Day 163: Profit and loss in the fashion industry

It’s difficult to find out proper information about where our clothes come from. We read about horrific incidents such as the fire in a factory in Bangladesh, where workers made garments for well known fashion labels who later claimed to be unaware their clothes were made in such conditions. Yet Oxfam estimates that almost all major American brands and some well known Australian names have their origins in sweatshops.
In this TEDx talk by Alice Jones and Louise Visser from Eco fashion label, Sinerji, the presenters ask why the company were unaware. In doing so, they challenge the traditional profit and loss model which only measures the balance sheet.
So are cancer, displacement, child labour or hazardous workplaces positive gains? Jones and Visser ask why we apply different rules to business than we do to life. They endeavour to work with the producers of their clothes, using natural dyes to prevent against the cancers and environmental destruction which are endemic in those working in sweatshops. They understand the need for ongoing quality control and training. As a result, there is constant chatter in their factories as communal issues are solved and the income earned in the community allows them to start banks and healthcare programs.
Of course, all business exist to earn money, and Sinerji is no exception. They report a 30% increase in takings each year, with figures rising to 70% last year.
There are many websites and publications in Australia promoting ethical, sustainable and fair trade clothing. If everybody made an effort to become more aware of where their clothes come from, we can collectively force the larger companies to do the same.

Talk available on:

Day 162: A sense of humour about Afghanistan

Aman Mojadidi came to Afghanistan to fight with 50 rebels in the battle for Jalalabad as a 19 year old vegetarian surfer from Jacksonville, Florida. He had been exposed to the war for many years through his heritage; ‘Afghan by blood, redneck by grace of God’. Mojadidi calls this his geography of self.
At the time of this talk he had been working in Afghanistan as an artist for over nine years. His highly politicised art disturbs identity, challenges authority and exposes hypocrisy. Here he talks about some of his past and future projects.
He spent a day in the life of a Jihadist gangster, who eventually ran for parliament to expose the Mafiosi. Through a work called ‘payback’ , where he set up a fake checkpoint on the streets of Kabul and stopped cars, he examined police corruption. Instead of asking them for a bribe he offered them money and apologised on behalf of the Kabul police department. He also did a line of pictures of fashion inspired by the war and expat life in Afghanistan.
Because he lives in Kabul, these things could get him thrown in, but Mojadidi explains he does them because his geography of self mandates it. That is his burden .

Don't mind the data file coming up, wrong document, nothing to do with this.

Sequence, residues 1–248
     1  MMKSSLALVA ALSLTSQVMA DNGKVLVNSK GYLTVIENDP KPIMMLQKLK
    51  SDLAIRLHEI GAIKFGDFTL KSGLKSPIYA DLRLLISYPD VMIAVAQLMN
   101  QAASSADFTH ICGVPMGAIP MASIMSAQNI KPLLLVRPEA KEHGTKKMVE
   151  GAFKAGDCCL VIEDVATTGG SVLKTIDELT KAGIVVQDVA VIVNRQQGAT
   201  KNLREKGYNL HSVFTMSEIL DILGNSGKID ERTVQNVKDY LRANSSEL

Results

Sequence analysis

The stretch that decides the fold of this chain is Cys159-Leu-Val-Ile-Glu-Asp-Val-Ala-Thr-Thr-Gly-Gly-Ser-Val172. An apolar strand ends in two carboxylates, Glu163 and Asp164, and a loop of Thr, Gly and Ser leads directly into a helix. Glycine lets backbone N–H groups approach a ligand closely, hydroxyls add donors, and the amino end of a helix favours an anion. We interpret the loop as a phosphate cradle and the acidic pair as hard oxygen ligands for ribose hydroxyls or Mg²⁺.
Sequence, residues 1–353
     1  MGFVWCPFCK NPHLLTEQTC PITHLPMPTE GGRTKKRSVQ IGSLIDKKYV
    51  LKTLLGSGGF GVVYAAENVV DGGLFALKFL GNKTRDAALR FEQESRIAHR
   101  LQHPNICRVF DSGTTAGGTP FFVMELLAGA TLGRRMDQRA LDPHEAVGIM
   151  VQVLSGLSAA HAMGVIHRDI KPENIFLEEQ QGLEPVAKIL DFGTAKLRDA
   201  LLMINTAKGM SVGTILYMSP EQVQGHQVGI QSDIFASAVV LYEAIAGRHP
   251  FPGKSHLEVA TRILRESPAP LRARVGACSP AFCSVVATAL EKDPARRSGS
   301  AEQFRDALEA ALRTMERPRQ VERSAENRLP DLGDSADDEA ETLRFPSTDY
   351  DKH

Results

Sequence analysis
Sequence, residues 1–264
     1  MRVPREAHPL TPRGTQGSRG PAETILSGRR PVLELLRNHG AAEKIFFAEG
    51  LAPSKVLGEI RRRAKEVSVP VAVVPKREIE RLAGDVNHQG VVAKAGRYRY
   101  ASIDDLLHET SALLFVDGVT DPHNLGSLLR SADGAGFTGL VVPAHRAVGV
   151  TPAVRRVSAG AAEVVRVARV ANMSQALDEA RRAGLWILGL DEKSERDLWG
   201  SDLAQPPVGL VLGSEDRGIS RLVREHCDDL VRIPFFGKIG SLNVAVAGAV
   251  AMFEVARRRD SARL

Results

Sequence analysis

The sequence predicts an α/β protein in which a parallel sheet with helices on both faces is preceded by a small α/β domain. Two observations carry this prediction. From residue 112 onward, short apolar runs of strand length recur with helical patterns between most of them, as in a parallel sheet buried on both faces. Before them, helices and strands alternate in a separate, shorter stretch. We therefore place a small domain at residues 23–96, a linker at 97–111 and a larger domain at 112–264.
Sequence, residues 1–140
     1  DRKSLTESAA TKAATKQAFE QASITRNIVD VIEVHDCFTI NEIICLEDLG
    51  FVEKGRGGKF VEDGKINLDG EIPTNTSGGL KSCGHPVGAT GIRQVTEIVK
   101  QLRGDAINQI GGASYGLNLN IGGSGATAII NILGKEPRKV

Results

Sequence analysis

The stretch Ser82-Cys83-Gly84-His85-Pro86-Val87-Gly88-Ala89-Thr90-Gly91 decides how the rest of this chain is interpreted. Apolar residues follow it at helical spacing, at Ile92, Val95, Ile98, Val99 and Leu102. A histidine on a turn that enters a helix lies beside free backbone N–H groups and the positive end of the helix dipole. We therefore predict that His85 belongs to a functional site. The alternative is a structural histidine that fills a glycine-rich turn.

Day 161: Elizabeth Murchison- a contagious cancer

Something frightening is threatening the existence of the Tasmanian devil, as Elizabeth Murchison tells us here. An epidemic of facial cancer has shown that not only can cancer be contagious, but it can threaten an entire species.
The Tasmanian devil is the world’s largest carnivorous marsupial, found only on the island of Tasmania. Their name comes from the shrill nocturnal screams they make. In 1996 a wildlife photographer took a picture of a devil with a tumour on its face, thought to be a once off. It’s now thought this was the first documented sighting of the cancer epidemic. The disease spread across Tasmania, leaving only a small portion in the East untouched.
The disease first appears as a tumour on the face or in the mouth of the Tasmanian devil, quickly progressing to becoming ulcerated. Evidence based on cervical cancer and AIDS pointed to the cancer being spread by a virus. But Murchison, with others, proved this theory wrong.
Normally cancer doesn’t spread outside the body. This usually means that with the death of the carrier, the cancer dies also. However in the case of hundreds of Tasmanian devils studied, the cancer on their faces all shared the same DNA, thought to have broken free of the first sufferer’s body. This is most likely spread more quickly by the practice Tasmanian devils have of biting each other when they meet in the wild.
A study in the 1950s; where people were injected with certain forms of cancer and very few went on to develop it; tells us that its probably extremely rare for cancers to be transferred between people, however in the circumstances it can happen. This is something epidemiologists and oncologists should be aware of in future. Murchison’s personal aim is to prevent the Tasmanian devil from being the first animal to go extinct from cancer.